Saturday, August 10, 2019
From Naomi Cahn (GW), writing for Forbes:
In 1994, Joseph and Jennifer Cartellone went to the Greater Cincinnati Institute for Reproductive Health and the Christ Hospital for help having a baby. They underwent in vitro fertilization, using Jennifer’s egg and Joseph’s sperm (or so they thought), and their daughter, Rebecca, was born later that year.
Last Christmas, Rebecca bought DNA test kits for her parents and her grandmother in order to explore their family tree. Two months later, they all learned that Rebecca was not the biological daughter of Joseph. They were shocked.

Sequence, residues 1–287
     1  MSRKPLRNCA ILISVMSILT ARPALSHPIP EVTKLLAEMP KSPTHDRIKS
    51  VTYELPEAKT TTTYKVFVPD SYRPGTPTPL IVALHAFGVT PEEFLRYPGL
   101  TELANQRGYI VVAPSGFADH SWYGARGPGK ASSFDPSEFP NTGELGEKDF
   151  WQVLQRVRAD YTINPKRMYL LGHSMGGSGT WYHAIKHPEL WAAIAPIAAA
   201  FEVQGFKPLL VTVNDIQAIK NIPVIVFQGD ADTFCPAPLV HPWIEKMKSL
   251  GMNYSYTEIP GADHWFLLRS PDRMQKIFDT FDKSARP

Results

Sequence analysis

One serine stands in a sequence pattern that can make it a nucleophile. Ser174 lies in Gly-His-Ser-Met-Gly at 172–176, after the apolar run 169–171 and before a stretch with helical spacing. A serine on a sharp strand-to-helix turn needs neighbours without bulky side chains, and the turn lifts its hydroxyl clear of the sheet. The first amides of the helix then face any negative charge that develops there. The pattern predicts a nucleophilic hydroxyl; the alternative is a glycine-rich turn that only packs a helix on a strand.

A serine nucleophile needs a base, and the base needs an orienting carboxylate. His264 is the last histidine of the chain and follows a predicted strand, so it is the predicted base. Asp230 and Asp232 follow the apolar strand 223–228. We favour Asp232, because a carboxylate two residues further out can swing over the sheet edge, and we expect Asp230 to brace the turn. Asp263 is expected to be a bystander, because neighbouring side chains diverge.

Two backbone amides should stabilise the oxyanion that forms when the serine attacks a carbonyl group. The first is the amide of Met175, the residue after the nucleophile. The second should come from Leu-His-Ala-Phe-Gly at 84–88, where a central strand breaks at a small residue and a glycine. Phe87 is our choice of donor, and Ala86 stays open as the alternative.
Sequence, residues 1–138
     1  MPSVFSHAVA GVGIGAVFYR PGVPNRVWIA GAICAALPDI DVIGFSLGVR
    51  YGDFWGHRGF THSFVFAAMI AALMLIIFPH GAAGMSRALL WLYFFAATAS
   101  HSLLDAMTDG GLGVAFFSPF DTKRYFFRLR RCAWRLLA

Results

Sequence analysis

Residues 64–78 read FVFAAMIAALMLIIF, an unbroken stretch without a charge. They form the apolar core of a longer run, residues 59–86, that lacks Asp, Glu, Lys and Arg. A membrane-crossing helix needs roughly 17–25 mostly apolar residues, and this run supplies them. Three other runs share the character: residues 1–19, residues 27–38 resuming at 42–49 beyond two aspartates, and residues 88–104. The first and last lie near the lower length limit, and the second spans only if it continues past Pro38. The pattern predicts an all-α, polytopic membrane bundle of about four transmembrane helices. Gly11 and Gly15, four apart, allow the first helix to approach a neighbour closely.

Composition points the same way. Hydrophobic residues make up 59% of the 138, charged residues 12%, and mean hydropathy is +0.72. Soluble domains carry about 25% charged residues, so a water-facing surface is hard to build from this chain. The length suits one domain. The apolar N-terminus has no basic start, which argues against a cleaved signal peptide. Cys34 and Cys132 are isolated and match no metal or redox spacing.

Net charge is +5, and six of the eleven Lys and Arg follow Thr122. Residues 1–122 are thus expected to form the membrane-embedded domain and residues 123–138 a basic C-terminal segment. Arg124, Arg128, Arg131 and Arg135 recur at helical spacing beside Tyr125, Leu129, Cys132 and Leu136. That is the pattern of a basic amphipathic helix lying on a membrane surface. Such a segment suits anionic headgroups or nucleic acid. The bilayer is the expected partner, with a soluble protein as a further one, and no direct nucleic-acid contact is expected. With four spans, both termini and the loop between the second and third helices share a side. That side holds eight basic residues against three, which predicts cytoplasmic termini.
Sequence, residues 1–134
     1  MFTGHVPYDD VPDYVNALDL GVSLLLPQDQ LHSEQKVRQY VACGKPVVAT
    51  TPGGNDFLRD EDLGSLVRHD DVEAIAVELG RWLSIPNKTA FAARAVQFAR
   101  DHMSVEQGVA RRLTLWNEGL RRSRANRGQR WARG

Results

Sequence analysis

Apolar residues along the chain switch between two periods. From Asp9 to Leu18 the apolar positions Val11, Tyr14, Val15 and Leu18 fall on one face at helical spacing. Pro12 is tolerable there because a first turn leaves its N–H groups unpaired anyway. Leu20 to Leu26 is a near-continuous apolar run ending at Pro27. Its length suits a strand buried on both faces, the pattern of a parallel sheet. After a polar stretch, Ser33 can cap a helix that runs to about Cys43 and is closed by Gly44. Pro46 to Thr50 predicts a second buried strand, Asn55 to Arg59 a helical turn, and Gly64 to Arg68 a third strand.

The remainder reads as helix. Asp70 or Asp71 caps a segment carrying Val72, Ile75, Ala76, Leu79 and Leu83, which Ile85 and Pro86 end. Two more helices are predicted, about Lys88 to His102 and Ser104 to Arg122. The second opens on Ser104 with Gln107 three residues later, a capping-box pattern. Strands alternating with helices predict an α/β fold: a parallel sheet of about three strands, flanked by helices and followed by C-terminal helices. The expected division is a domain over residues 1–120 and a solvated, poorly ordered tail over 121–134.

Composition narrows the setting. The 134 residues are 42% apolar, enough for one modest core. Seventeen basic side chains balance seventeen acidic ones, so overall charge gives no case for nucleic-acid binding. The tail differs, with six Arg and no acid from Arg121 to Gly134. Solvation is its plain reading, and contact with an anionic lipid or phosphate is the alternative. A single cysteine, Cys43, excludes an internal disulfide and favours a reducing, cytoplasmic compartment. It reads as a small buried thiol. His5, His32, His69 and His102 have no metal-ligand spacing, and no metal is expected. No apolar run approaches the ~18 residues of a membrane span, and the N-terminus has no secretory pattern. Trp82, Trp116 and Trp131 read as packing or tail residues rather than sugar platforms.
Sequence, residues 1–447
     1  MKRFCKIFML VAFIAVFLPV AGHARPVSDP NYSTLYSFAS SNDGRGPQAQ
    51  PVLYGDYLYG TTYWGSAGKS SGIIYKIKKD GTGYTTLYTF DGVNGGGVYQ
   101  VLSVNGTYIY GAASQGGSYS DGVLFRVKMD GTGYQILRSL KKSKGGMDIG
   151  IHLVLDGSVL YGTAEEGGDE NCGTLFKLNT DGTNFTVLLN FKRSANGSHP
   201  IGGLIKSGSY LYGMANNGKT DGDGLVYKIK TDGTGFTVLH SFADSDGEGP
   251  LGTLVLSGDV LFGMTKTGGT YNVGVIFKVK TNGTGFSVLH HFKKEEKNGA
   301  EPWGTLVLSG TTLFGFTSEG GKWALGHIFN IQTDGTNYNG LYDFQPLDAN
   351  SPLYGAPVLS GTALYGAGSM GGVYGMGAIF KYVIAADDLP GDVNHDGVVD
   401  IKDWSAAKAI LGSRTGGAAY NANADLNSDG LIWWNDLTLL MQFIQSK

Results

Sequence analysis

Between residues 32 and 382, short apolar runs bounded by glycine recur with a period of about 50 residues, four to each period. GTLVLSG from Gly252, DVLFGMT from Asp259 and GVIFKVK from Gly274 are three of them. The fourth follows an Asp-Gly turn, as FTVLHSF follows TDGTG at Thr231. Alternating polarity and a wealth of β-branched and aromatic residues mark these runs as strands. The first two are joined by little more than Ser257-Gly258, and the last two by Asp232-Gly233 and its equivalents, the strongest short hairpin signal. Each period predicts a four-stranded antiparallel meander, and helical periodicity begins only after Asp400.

They have filed a lawsuit against their fertility clinic, and are represented by Peiffer Wolf Carr and Kane, the firm which is also pursuing litigation in other major fertility scandals.
Assisted reproductive technology (ART) has been an invaluable benefit, allowing millions of people throughout the world to create new families. In the United States, almost 2% of children are born each year with the help of ART, and more than 10 percent of women of childbearing age have sought infertility services. Yet as an increasing number of people use fertility services, the industry has outpaced regulation.
There are relatively few federal laws in the United States that are directly concerned with regulating assisted reproductive technology, and there is no single federal agency that is charged with oversight of the fertility industry.
Read more here.